We normally recommend around $300-500 in personal spending money depending on the length of the trip and the location. Places such as Vanuatu and Vietnam, $300 is normal expectation to spend on food and drinks for around 5 days. Places such as Palau, where you can pay quite alot and in USD we recommend around $500+ for your food and drink bills. It honestly depends on the amount of food you eat and how much booze you drink – please use this as a guide and ask your tour guide if you are unsure.

Activities
Going overseas on a dive trip doesn’t mean you have to dive every second of every day. If you are new to a country, why not explore the area and see new things? Activities and things to try and do in another country will differ in price and you should consult the person you are travelling with. We normally arrange for some cultural activities on our trips but some can be additional in price. We always say to take a tour and take it with a local – they can offer you insights into different things and share personal stories with you rather than someone who is not from the area. Do you research before your travel to get an idea of how much to take, but it’s safe to say an additional $200.00 with you for sight seeing and recreational activities is a safe bet. Some places will charge more, so speak to your tour leader for more information.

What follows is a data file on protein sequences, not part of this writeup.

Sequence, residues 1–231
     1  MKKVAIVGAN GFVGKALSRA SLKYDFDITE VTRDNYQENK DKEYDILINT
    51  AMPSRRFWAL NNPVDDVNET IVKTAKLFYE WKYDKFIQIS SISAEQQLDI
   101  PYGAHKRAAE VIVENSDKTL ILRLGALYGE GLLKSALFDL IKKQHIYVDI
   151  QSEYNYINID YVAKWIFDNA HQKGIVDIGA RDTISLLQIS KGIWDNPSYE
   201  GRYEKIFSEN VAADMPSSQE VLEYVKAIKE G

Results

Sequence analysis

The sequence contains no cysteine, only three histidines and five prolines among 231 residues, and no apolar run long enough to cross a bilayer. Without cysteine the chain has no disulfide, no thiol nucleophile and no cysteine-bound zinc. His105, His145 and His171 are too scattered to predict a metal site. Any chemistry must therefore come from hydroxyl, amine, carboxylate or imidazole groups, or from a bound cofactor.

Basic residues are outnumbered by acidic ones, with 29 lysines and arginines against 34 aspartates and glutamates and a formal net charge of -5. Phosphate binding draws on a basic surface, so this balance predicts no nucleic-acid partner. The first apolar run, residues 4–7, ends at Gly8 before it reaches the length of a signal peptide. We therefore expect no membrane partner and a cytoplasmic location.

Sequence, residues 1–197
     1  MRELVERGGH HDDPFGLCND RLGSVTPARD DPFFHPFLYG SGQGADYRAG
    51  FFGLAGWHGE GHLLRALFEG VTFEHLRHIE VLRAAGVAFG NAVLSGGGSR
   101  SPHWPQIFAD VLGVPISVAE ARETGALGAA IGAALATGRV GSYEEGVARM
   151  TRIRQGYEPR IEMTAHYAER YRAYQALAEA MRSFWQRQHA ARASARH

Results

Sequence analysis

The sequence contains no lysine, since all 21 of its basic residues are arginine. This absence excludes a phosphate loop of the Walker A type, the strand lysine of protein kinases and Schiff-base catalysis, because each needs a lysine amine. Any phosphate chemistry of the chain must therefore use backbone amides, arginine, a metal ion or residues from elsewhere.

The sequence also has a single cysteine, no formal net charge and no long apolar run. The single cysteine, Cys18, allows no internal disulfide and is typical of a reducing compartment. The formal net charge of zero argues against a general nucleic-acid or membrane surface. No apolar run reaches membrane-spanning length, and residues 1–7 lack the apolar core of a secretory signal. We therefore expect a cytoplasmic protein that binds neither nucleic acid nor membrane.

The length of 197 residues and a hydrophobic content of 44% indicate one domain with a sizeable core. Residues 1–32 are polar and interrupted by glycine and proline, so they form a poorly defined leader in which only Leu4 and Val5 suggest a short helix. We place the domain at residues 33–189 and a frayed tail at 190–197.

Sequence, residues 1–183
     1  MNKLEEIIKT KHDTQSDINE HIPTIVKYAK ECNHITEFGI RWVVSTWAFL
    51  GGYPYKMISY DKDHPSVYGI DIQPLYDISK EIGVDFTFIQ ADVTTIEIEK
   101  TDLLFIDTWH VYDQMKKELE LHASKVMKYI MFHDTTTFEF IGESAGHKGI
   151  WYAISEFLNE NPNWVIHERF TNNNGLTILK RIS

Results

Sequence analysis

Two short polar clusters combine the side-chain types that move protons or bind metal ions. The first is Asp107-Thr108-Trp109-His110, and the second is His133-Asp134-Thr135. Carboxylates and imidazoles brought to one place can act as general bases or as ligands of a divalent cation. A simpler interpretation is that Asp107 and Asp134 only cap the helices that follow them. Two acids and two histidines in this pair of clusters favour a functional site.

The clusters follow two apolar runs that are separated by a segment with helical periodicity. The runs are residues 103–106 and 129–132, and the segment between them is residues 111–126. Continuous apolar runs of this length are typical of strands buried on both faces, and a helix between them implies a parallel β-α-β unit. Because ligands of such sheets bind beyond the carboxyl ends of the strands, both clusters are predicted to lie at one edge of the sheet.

Dive permits
Going to Palau or Micronesia? You will need a dive permit.

These are non-negotiable and you need to have it with you at all times. These change in price and are normally purchased on arrival at your dive store.